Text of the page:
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How Mediation Works
How Mediation Works
The mediation is best hosted in a neutral environment and involves five different stages including the opening statement from the mediator, the opening statements of both parties, a joint discussion followed by private caucus by each party with the mediator and a closure of the mediation.
Mediators Opening Statement – The opening statement from the mediator should inform the disputing parties of their qualifications and responsibilities throughout the process. The importance of gaining the trust and confidence of both parties is very important and will facilitate open and candid communication. In addition the mediator will explain the ground rules for the process and will explain clearly the role of confidentiality in the process and what can and cannot be held in confidence. The mediators final statement should be to congratulate the parties for taking the steps to try and resolve their dispute in an amicable way and to express their own confidence in the mediation service and the high level of success that it has achieved.
Opening Statements of Both Parties – Both parties will now have their chance to state their cases without interruption. It is common for the Complainant to speak first. It is vital that both parties get to explain fully their side of the story as this process of venting is extremely therapeutic and is a vital step in the process of resolution. Opening statements can include emotive and extraneous information, but the mediator may find that this information can assist in helping both parties to understand underlying problems that may require addressing. Once the opening statements have been completed, the mediator will have a clearer understanding of how far or how close the two parties are to a resolution and will use their skill set to establish the best route forward.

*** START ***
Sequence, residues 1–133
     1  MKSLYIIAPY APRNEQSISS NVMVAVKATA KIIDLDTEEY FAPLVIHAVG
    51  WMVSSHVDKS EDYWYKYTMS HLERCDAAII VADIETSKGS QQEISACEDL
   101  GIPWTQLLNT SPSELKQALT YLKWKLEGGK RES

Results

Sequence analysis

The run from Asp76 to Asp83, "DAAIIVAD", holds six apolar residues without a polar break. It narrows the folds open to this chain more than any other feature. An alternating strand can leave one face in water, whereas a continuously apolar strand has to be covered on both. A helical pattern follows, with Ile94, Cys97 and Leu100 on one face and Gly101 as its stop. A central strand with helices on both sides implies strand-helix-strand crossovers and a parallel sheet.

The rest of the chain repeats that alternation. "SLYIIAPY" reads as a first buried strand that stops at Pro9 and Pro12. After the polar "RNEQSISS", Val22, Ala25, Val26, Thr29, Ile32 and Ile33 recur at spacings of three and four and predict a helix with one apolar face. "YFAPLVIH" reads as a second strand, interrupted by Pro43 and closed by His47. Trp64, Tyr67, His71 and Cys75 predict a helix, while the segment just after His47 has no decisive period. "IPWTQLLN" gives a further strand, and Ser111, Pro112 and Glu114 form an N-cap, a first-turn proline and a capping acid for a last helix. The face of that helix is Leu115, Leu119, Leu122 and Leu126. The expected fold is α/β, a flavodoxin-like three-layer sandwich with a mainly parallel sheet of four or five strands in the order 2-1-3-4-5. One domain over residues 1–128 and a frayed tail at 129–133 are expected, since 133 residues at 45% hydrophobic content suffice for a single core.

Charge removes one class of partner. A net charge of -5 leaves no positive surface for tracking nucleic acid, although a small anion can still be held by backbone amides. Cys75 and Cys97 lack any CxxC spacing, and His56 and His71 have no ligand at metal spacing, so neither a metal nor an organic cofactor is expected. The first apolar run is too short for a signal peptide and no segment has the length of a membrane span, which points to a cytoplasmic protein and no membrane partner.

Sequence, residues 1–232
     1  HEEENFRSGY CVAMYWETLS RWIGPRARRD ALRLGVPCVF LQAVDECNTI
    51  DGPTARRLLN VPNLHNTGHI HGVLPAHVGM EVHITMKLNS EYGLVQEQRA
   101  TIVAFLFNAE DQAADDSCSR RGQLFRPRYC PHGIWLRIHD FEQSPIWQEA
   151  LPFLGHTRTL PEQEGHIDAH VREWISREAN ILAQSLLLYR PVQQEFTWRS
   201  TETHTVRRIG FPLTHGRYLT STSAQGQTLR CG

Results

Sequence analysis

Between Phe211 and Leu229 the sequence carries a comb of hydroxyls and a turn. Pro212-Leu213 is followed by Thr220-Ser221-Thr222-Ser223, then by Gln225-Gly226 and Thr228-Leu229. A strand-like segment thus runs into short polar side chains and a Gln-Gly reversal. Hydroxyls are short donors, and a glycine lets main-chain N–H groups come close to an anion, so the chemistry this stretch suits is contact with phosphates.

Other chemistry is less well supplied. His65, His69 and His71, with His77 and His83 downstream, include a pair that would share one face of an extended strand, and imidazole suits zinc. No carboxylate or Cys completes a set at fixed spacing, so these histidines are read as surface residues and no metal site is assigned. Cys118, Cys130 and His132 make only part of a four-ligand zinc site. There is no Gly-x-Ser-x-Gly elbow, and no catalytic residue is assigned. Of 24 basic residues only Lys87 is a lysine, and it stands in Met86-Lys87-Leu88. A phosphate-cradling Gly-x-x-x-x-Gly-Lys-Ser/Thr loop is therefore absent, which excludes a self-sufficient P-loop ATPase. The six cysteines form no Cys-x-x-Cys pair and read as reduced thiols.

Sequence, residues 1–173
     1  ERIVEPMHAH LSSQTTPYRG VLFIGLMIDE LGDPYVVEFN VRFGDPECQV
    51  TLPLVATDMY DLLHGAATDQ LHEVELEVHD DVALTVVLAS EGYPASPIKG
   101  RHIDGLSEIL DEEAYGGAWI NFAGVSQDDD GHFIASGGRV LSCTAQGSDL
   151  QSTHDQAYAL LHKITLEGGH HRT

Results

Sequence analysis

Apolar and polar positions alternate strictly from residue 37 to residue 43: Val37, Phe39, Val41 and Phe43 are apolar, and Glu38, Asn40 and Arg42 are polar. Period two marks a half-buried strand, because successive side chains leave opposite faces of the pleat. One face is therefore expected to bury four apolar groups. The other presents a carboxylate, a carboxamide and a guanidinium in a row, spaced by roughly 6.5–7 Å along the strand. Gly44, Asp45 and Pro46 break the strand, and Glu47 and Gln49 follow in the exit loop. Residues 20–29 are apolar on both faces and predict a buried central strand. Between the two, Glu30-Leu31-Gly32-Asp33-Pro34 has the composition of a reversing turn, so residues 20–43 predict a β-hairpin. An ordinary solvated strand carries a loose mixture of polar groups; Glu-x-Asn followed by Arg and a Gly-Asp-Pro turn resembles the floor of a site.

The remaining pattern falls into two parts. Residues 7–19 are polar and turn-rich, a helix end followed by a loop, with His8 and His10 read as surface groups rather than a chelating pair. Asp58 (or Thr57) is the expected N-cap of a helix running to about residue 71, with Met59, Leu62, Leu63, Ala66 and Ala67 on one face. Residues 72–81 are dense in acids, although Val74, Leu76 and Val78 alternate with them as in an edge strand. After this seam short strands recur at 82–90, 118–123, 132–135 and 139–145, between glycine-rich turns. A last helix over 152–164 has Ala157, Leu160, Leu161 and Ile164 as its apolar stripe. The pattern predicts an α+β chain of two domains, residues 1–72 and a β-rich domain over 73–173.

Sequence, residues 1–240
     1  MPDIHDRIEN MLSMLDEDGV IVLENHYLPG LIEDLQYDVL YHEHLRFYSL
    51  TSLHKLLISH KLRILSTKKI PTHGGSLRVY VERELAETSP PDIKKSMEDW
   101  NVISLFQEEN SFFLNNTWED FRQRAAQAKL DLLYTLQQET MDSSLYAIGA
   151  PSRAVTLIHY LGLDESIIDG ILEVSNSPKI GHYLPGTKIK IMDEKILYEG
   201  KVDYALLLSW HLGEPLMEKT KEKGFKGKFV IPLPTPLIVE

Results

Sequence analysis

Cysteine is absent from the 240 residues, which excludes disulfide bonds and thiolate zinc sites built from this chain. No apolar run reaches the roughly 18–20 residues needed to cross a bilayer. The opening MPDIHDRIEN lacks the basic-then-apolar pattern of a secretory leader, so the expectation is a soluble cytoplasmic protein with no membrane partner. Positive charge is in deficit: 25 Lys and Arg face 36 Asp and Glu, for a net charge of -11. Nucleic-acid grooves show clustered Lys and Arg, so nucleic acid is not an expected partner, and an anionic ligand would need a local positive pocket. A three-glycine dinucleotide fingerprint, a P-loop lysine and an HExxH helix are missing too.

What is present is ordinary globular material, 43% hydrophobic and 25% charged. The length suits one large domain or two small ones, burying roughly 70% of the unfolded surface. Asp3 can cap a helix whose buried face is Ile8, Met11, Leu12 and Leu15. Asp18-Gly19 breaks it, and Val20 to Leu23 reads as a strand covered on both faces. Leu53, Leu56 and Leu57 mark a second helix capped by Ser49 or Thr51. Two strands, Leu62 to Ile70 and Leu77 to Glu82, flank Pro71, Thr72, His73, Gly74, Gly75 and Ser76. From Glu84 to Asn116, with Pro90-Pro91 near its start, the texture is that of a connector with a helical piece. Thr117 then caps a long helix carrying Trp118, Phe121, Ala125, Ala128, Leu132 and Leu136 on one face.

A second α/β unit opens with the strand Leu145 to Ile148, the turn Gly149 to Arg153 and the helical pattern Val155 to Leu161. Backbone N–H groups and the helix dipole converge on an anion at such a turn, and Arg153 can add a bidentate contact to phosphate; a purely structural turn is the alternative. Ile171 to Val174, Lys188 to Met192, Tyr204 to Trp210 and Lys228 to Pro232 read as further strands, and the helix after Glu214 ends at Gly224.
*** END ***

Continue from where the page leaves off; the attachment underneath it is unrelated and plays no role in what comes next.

Open Joint Discussion – The mediator will generally start the open joint discussion by offering a summary of the two parties opening statements and may ask of each of the parties to clarify certain points of discussion. Each open discussion is different with the mediator maintaining control of the pitch and emotive level of the discussions.
Caucus – At some point in the proceedings, either party may ask for a caucus where the mediator will move into a private room and discuss certain issues with the party. It is important that all parties are aware that anything stated in a caucus is said in the strictest of confidentiality and as a result, with consent, the mediator may not discuss anything that is said in the caucus with the other party. Caucuses have various functions besides giving both parties time to refocus, they are also used to discuss options for a settlement in a secure setting or to discuss sensitive information in a protected setting. The mediator also has the right to call a caucus if they feel that this will facilitate the process and will help them to regain control over the proceeding, particularly when tempers rise or when emotions become too much for one or more of the parties.
Closure – Closure of the mediation may or may not involve a settlement agreement. If both parties reach an impasse then as a last resort both parties can invite the Mediator to comment on the strength and weaknesses of their cases and advise on possible settlement options. This will only be done if both parties request the Mediator to do this.
At a certain point in time if no agreement has been reached, the mediator will resign to the fact that a settlement is not possible in the timeframe and that all possible options have been exhausted. The mediator should still congratulate the parties for taking the time to attempt conciliation and that if they are willing to continue the process of mediation that they could take a little time to reflect and perhaps make another appointment. In the event that a settlement is reached, the parties' legal representatives will write up a settlement agreement, all parties will then sign it and it will represent a binding contract.
Understanding the mediation process as well as assessing both the advantages and the disadvantages will help you to determine if this ADR is the right conflict resolution procedure for you and your conflict issues.